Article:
A new COVID-19 tracking tool released Friday is designed to provide Texans with an up-to-the-minute picture of how the pandemic is affecting the state’s residents each day.

The COVID-19 dashboard from Texas 2036, a data and policy nonprofit, takes health and economic data and condenses it into interactive graphs. Users can see figures related to such as topics as unemployment claims, coronavirus tests conducted, and the positive test rate, which was 5.94 percent as of May 7, according to the tool. 

The Texas 2036 tracking tool also comes with a “reopening analysis,” which applies Texas coronavirus data to White House-provided criteria on when states should reopen their economies.

Texas 2036 will compile data each day from sources such as the Texas Department of Health and Human Services and the Federal Reserve Bank of St. Louis, according to a Friday news release. More data sets will be added in the future.

Texas 2036’s data team worked with the Texas Department of State Health Services to create its COVID-19 dashboard, and consulted with experts from the University of Texas at Austin’s medical school on what information was most important to show the public.

“Transparent, accessible tools like this dashboard will help guide understanding and action on the difficult choices and opportunities facing Texans as we fight this unpredictable, deadly virus,” Texas 2036 Founder Tom Luce said in a prepared statement Friday.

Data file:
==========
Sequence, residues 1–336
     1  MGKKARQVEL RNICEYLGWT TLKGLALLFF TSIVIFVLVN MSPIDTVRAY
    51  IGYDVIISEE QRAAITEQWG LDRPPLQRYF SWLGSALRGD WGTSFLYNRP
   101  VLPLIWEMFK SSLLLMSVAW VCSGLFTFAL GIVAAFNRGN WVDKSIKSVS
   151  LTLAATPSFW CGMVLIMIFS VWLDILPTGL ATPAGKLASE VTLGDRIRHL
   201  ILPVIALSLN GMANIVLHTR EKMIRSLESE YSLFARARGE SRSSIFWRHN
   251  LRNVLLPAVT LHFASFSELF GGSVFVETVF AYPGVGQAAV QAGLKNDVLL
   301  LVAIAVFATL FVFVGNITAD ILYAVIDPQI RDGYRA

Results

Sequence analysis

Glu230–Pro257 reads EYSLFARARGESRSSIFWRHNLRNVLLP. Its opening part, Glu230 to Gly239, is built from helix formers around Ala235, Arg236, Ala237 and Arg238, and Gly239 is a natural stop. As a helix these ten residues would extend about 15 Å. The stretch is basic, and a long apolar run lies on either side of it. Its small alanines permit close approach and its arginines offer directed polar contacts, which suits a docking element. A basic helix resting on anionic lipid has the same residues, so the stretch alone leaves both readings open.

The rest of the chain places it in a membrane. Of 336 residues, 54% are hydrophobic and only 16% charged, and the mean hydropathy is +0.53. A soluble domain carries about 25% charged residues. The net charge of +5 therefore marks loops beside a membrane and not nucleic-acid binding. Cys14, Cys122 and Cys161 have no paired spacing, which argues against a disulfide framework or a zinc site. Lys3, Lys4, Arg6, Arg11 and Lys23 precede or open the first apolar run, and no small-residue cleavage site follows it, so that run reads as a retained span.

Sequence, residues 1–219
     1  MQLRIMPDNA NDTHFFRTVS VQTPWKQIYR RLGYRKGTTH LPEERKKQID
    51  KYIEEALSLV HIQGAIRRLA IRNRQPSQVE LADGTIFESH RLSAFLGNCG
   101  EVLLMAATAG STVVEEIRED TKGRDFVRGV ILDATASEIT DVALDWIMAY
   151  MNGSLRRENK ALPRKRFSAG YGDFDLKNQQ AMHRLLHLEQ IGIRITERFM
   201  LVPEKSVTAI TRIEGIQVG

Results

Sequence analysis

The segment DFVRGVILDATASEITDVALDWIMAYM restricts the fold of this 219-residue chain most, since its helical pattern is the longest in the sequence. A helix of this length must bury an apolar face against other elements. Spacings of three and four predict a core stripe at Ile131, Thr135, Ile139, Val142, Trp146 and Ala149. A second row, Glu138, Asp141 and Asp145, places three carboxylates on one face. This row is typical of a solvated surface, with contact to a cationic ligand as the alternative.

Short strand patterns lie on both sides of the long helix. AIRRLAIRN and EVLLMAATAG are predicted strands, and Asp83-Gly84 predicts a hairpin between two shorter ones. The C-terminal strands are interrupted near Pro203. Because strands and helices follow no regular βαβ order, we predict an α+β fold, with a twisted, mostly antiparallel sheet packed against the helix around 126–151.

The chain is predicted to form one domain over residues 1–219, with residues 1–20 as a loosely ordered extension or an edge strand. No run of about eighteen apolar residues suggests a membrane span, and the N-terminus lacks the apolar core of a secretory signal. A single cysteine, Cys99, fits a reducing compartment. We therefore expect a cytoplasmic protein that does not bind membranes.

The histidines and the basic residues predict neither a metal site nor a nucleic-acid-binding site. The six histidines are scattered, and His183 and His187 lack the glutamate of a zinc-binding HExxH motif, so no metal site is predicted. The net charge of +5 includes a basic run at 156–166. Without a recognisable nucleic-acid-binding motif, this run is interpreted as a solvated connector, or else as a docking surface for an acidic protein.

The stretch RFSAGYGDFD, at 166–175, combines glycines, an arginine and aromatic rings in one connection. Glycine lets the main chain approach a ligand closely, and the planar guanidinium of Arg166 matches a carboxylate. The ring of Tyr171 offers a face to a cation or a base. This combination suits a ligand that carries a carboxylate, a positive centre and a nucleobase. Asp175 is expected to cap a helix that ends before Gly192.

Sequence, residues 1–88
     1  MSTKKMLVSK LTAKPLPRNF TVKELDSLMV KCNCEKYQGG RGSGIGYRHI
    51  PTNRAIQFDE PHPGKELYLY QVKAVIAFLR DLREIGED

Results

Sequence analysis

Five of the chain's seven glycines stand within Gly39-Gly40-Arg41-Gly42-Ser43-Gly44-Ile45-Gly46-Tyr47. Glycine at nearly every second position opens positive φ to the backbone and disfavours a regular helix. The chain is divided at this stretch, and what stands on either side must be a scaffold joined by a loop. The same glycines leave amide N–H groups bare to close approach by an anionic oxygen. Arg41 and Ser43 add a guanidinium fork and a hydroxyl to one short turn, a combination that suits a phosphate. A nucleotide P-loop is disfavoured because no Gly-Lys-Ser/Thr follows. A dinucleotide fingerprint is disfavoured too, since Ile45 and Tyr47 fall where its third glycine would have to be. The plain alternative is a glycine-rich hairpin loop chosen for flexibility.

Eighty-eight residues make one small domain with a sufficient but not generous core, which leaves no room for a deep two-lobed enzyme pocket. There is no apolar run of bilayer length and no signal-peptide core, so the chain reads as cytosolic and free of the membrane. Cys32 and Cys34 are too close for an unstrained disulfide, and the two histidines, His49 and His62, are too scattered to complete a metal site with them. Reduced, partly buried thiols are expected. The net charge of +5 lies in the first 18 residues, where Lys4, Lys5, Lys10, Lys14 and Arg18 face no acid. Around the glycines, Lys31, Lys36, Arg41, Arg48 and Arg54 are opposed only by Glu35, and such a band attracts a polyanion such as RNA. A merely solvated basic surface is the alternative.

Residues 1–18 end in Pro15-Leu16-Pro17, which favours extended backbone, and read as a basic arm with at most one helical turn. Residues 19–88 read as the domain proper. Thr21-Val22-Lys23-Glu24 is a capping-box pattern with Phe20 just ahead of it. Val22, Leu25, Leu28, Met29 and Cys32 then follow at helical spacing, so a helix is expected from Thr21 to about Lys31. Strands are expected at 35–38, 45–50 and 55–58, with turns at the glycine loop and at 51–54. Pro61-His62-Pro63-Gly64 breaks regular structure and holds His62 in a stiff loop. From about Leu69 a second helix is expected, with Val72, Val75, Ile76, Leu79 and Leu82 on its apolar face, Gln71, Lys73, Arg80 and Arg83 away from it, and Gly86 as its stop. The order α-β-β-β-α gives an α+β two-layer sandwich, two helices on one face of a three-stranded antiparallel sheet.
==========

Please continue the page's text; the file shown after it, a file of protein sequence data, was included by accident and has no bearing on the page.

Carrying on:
Luce, who was appointed to Gov. Greg Abbott’s “strike force” focused on reopening the state’s economy, said it’s important for people to not get too fixated on day-to-day coronavirus case numbers.

“I think we all understand that on some level, it’s not one day that matters, it’s trends that matter,” he said. 

John Hryhorchuk, Texas 2036’s policy director, agreed, pointing to the difference between daily reported numbers and the actual trend. Reported COVID-19 cases each day result in spikes, while trend analysis follows a steadier path upward or downward.

“There’s a quip in the medical community that it seems the disease takes weekends off,” Hryhorchuk said. “It’s important that we know real trends and directions and aren’t distracted by short blips in data that might more reflect statistical anomalies than actual changes on the ground.”

Hryhorchuk added that economic trends were important to follow as well. The Texas 2036 economic trend data comes from the Texas Workforce Commission as well as some private-sector sources, he said. The dashboard has graphs dedicated to the estimated change in how many businesses are open each day, as well as the number of hourly employees working in the state. Those graphs showed a large dropoff in March, but the numbers are moving slowly back up, Hryhorchuk said.

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“We’re working on building out the economic analysis because it’s such an important part of the story,” he said.

Texas 2036 also compiled the number of beds and ventilators available in the state. Though users can browse data by county, Hryhorchuk cautioned that not all counties have the same number of data points.

“We all know and understand one data point can never be the decision-maker,” Luce said. “That’s why we’ve looked at a series of data points for people to make informed decisions.”

Jackie Wang

Jackie Wang is a general assignment reporter at the Rivard Report.